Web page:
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John and Mary, are going to sit for an exam. The possible results that they can get are $A,B$ and $C$.

The possibility that John gets a $B$ is $0.3$. The possibility that Mary gets a $B$ is $0.4$.

The possibility that none of them gets an $A$, but at least one of them get a $B$ is $0.1$. What is the possibility that at least one of them gets a $B$, but none of them gets a $C$ ? .

So far, my approach is like:

For John get a B: $P(J_B)=0.3$
For Mary get a B: $P(M_B)=0.4$

Also, As given in the question, $[P(John_B) \cup P(Mary_B) ] ∩ P(A') = 0.1$

And I am trying to find

$[P(John_B) ∪ P(Mary_B)] ∩ P(C')$

To begin with, are my assumptions so far good/sufficient ?

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I don't see where you have made any assumptions. You have written down some formulas, but they don't make sense. If $P({\rm John\_B})=.3$ and $P({\rm Mary\_B})=.4$ then $P({\rm John\_B})\cup P({\rm Mary\_B})$ is $.3\cup.4$; how do you propose to take the union of two numbers? – Gerry Myerson Mar 30 '12 at 11:35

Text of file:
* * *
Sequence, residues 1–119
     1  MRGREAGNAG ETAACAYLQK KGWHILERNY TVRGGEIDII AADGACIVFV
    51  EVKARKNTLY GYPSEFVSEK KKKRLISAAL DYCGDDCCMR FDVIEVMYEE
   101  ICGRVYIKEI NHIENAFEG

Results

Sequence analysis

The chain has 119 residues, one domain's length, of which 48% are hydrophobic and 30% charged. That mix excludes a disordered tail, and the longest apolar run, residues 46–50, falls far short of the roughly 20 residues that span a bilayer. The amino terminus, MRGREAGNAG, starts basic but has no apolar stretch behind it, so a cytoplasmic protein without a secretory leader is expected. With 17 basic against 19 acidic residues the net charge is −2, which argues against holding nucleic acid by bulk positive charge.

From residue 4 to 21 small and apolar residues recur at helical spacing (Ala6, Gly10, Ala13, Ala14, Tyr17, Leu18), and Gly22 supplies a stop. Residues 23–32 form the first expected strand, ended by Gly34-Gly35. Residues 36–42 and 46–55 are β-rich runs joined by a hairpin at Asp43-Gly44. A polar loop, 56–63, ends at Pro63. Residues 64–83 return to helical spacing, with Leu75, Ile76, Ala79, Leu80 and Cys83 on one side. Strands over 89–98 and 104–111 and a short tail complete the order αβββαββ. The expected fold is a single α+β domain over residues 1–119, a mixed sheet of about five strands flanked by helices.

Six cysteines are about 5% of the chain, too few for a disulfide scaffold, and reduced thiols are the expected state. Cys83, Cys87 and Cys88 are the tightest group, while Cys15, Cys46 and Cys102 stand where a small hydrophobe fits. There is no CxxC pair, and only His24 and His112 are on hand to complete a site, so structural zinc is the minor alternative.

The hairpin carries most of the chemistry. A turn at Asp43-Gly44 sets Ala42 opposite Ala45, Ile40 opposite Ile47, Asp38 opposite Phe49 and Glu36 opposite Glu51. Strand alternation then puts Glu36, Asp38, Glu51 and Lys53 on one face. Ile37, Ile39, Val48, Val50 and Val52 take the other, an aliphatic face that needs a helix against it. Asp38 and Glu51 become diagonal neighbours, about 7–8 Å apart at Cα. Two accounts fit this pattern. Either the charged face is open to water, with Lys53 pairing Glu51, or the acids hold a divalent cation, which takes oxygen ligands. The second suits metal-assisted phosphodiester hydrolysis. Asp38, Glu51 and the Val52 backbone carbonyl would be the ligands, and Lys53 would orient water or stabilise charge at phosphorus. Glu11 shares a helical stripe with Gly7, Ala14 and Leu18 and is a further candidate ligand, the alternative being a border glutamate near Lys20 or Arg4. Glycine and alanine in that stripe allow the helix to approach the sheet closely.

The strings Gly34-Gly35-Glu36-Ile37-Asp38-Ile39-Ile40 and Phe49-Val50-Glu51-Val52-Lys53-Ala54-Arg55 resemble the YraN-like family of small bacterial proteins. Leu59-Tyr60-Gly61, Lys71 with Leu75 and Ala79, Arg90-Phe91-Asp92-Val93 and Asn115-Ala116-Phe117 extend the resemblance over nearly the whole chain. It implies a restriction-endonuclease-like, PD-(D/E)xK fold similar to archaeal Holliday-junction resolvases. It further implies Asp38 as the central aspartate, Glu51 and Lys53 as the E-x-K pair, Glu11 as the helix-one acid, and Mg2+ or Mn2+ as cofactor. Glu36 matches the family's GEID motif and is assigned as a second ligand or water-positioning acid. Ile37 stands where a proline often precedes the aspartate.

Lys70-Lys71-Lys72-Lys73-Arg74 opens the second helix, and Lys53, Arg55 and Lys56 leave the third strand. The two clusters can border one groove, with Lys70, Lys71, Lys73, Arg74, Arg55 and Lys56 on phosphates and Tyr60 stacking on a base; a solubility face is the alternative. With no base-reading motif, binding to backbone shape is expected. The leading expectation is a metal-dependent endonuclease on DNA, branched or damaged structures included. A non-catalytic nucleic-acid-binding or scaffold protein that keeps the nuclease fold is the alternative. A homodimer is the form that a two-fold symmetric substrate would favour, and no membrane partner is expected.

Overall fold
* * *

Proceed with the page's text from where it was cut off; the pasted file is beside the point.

As Gerry mentioned, what eactly are your assumptions? It would be better if you stated that explicitly. – funktor Mar 30 '12 at 12:56
hmm i see that now it makes no sense even to me.. what i wrote above... jesus – Claus Henriksen Mar 30 '12 at 13:29
you are a lifesaver....i had the same problem....thanks Claus Henriksen credits from Creta – user28037 Mar 31 '12 at 19:52

You are better off considering the nine individual cases, say $P_{xy}$ is probability that John gets $x$ and Mary gets $y$. You are given that $P_{BA} + P_{BB} + P_{BC} = 0.3$, $P_{AB} + P_{BB} + P_{CB} = 0.4$, $P_{BC} + P_{BB} + P_{CB} = 0.1$. so $P_{BA} + P_{BB} + P_{AB} = (0.3 + 0.4 - 0.1) = 0.6$.

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hmm your approach sounds resonable dude... Thanks – Claus Henriksen Mar 30 '12 at 13:20

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